The dusty road that snakes to Matasia in Kajiado North does not prepare first-time visitors for the wonders in the region dominated mainly by cattle keeping.
At Matasia, along the Ngong-Kiserian Road, one comes across the Fish Point, a white meat only café, which signals that fish is reared in the region.
We meet Alex Kango inside the café and soon, we are engrossed in banter. We have been referred here from the Aquacultural Association of Kenya (AAK) headquarters in Nairobi. Kango wears many hats in the aquaculture sector.
He is the AAK Kajiado North branch vice-chairman. He is also a fish farmer, who rears both tilapia and catfish. Besides, he owns the Fish Point Café, where he sells exclusively fish and chicken meat.
His main market is at the outlet where he cooks fish in different styles to fit customers’ tastes and preferences. He also sells to locals but would like to expand market both locally and internationally.
In 2015, Kenya was given a nod to export aquaculture products to the European Union, creating a wider market for fish farmers in the country.
Currently, AAK has 50 members in the region, but Kango and other officials are striving to recruit more to boost production.
To be able to continuously meet demand especially for the export market, AAK advises small-scale farmers to work in groups and ensure uniformity in quality production.
Besides, they would have a steady supply and can bargain for better prices, thus, earning more.
“I have embraced the style of adding value to my own produce because this way, I reach my consumers directly and avoid middlemen,” says Kango
On his farm, Kango sells each piece of tilapia for an average of Sh150. However, he fetches Sh250 for the same piece while fried at the café.
As we walk to his farm, about a kilometre away, he shows us a fish pond at a nearby school. Kango helped the institution establish the pond to be able to produce healthy fish for students as well as for sale.
“I am trying my best to influence more people to embrace aquaculture,” says Kango, adding, “Most people in Kajiado North are pastoralists and they have not yet embraced fish as food or aquaculture as an agribusiness venture.”
On his farm, Kango has two ponds. He had harvested tilapia the previous day and drained the first pond, ready for another supply of fingerings.
He has catfish in another pond, and hopes to harvest around December, and take advantage of anticipated high sales during the festive season.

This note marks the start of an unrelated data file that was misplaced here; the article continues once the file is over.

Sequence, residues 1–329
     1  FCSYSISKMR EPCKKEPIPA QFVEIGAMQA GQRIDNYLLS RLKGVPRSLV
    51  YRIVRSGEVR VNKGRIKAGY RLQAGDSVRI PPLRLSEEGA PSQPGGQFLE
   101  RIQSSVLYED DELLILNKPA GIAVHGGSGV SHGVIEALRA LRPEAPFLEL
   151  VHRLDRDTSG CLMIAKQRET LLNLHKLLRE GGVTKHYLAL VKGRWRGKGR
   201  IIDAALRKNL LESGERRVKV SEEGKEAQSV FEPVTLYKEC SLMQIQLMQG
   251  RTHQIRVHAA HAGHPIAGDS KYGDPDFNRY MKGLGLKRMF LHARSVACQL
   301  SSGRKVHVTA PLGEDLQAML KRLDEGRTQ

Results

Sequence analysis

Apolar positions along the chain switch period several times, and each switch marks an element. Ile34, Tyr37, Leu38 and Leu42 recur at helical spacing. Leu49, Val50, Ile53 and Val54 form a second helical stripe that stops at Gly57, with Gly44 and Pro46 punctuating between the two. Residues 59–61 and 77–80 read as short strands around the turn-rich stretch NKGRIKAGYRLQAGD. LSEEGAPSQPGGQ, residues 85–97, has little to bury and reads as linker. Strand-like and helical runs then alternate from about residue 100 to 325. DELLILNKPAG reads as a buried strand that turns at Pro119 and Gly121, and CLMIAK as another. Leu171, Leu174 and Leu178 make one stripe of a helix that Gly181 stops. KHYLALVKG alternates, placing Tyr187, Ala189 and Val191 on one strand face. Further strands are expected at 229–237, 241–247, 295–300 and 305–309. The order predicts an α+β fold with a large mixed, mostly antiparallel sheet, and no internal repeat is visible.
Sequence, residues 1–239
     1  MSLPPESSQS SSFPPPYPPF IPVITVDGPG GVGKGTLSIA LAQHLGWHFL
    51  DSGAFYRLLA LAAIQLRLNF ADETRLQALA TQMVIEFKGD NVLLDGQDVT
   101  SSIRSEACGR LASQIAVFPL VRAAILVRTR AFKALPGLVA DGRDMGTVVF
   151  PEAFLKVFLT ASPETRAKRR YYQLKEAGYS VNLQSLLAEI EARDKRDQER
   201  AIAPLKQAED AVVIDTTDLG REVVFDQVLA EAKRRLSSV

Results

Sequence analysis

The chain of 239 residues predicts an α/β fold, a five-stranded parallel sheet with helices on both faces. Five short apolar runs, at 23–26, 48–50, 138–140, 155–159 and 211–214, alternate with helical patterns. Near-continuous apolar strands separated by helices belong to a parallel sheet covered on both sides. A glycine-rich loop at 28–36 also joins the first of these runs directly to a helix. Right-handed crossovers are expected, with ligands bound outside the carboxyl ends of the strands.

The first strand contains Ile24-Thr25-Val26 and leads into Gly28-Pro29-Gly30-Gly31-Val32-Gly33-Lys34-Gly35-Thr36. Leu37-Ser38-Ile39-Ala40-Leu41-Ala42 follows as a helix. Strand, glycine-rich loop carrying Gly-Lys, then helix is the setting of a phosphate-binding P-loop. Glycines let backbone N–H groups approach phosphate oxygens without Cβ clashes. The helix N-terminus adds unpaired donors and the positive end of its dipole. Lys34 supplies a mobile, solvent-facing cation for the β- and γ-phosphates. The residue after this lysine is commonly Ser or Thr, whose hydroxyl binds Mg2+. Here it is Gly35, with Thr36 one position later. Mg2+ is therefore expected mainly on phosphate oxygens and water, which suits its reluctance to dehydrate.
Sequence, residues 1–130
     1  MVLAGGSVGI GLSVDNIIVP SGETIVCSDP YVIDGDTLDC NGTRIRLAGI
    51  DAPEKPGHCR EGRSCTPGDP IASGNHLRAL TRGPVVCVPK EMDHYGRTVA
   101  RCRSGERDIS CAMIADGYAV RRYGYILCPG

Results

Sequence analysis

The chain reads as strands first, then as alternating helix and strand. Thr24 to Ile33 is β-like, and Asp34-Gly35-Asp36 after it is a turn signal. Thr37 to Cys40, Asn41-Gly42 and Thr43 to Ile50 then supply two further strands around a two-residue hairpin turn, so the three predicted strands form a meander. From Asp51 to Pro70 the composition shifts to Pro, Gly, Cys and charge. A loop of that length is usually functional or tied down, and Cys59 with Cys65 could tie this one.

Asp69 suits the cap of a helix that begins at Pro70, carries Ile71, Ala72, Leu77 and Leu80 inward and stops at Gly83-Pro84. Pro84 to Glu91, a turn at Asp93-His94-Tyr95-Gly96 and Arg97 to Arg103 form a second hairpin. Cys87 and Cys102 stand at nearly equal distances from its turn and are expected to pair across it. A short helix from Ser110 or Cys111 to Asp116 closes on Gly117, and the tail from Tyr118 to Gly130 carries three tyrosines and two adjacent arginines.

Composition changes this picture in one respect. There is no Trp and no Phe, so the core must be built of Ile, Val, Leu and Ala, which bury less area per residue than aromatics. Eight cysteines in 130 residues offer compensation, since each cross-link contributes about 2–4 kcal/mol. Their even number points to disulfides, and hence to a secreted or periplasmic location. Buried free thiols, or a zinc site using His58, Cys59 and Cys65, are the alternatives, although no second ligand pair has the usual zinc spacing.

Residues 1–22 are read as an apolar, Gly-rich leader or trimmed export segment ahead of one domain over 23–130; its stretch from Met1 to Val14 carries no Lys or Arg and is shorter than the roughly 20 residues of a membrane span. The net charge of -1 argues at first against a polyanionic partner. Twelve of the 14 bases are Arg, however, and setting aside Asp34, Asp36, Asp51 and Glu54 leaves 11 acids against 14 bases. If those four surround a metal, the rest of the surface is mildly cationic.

He manufactures his own feeds and supplies to other farmers in the region to save on cost and ensure high quality feeds.
Within his farm, Kango has a small plant where he mixes raw materials such as maize germ, sunflower seeds, cotton seeds, vitamins and minerals supplements.
“I mix the ingredients, and process them into pellets which I feed to my fish,” he offers, adding that he feeds his fish twice.
He, however, supplements the pellets with Silver Cyprinid (omena) or Fresh Water Shrimps (Ochong’a), which he has learnt have high protein content.
Proper feeding was among the topics which featured during SMAP trainings supported by UNIDO in the aquaculture sector that Kango attended. Other topics were transport, ponds sanitation, value addition, market access, proper fish and fish products handling, recordkeeping and Hazard Analysis Critical Control Point (HACCP).
To ensure he follows his products to the end, and monitors his investment versus income, Kango keeps records from when he brings a new lot of fingerings, to when he sells his fish.
Besides, like every farmer should do, he sources fingerings from a certified breeder.
Being a perishable product, fish must be kept under cool temperatures, preferably frozen right from harvesting time.
Kango transports his fish from farm to the café in a cooler, and keeps them frozen at the hotel.
Although he can make more products like balls, sausages and samosa from fish, Kango has realised that such snacks are yet to gain popularity in the area and only prepares them by order.
“I am also often invited in food or agriculture-related forums where I showcase different ways of value addition for fish,” he says
Back at the hotel, it is a rather slow day. Being mid-week and a public holiday, most people like to eat at home as they relax, he says.
However, he still has some orders especially of maize meal (ugali) and whole tilapia.
“I like coming here for lunch because the fish is always well-cooked and fresh,” says Wambui Kiura, a guest from Kiambu as she enjoys lunch.
The best thing is that Kango has safely preserved the raw fish and can always prepare some for customers as they arrive and order.